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August 29th, 2011, 6:29 am

 

482. majedkhaldoon said:

Badr Mosque is next to Tora river,not Barada,it is north of Jahez park

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August 29th, 2011, 6:39 am

 

483. MNA said:

SGID @ 480
Yes you are right. It does look like the area by the Badir mosque.

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August 29th, 2011, 6:41 am

 

484. some guy in damascus said:

@ majedkhaldoon,
well this is embarrassing :s , i thought it was the barada, anyways it WAS a river, now it just a few trickles of garbage.
@ALL especially MNA
heres a photo pf the badr mosque
http://www.panoramio.com/photo/41009016
please notice the shape of the minaret, the xxxxxx patterns on the barrier and the buildings detail, and compare them to 0:06 and 0:13 of the video, you will notice they fit perfectly.

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August 29th, 2011, 6:45 am

 

485. Mjabali said:

General cheese

It is obvious that you cried and whined a lot about the terms that were in my posts regarding you.

So you are happy that they edited one of my posts. I see thin skin all over you and your emotional rants.

As for Dr Sultan my personal experience with her is the same I had with you. I used to fight her everyday for the generalizations she drops on Muslims. She even wrote almost half an article attacking me personally the same way you bark at me everyday. She does not and never liked me.

BUT, I always respected her right to speak and respected the fact that she forced Islamists, like you, to think about their faith.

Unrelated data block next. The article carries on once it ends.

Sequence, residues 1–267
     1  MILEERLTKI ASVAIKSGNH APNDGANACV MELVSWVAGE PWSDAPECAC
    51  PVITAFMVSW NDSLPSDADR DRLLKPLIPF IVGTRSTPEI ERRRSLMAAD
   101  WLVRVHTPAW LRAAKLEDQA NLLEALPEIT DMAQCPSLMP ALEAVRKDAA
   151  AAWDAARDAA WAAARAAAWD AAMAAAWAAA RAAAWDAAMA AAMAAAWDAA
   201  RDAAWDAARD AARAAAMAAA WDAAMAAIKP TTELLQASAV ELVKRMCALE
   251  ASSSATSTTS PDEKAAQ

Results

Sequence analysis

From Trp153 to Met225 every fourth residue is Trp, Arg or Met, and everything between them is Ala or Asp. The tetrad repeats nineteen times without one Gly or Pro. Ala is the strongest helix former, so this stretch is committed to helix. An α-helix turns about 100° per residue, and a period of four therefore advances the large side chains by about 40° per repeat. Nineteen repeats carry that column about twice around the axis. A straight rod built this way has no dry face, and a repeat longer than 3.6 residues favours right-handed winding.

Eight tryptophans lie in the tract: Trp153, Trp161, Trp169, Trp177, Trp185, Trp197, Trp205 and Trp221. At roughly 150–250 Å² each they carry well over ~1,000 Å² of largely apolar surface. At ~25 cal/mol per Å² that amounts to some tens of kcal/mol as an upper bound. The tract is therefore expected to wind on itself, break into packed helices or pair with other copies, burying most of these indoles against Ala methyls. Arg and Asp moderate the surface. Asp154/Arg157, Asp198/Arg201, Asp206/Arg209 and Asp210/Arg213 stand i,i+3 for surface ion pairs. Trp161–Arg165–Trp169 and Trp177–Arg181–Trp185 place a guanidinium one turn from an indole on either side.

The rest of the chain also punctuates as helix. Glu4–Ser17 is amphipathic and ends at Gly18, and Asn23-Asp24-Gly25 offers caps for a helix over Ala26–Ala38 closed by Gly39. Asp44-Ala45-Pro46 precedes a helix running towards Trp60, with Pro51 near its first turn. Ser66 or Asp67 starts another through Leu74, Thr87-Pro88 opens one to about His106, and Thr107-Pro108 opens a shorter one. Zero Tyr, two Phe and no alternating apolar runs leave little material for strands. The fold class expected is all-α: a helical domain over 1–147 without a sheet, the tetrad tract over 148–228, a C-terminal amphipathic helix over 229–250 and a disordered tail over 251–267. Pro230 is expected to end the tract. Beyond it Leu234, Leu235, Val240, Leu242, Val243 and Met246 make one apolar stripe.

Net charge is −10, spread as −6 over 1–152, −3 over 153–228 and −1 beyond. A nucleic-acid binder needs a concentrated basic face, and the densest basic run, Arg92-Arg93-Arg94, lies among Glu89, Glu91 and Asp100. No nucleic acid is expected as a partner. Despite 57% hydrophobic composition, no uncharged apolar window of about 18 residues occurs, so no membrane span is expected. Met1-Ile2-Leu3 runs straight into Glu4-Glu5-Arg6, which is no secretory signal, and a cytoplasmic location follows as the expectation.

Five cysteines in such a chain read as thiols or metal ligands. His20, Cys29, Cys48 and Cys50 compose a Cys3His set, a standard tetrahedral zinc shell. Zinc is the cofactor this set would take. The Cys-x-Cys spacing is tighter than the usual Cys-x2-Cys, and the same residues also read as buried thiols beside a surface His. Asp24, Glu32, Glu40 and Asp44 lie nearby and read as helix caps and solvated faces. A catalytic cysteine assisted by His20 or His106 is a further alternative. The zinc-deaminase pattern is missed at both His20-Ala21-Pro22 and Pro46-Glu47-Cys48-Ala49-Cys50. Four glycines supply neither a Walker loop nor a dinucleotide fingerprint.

She came from a Alawi family, and that is no secret. To point that out is to show the phobia you and your likes have from minorities and to see what your ideas about them. So far you failed because you are sectarian and Salafi that has no room for others.

I pointed Dr Sultan out to show your weak claim that you with those standing to al-Assad. She stood and asked al-Assad to step out and for someone in her stature to do so is good for anyone trying to depose al-Assad. She is a prominent Alawi figure if you like it or not and to encompass her to the anti Assad ranks is a step in the right direction.

But again , the zealot that you are, you started insulting her and bringing some Zionist/Right wing conspiracy lunatic talk, just because she is a Alawi.

The funny part is when a history buff like you claim he had just heard of the Salafi movement recently. Funny ha

Minorities are a reality in Syria that you want to neglect. You, and your logic, do not want to give them any rights.

Minorities in Syria have needs and demands and Islamists like you do not seem to get it.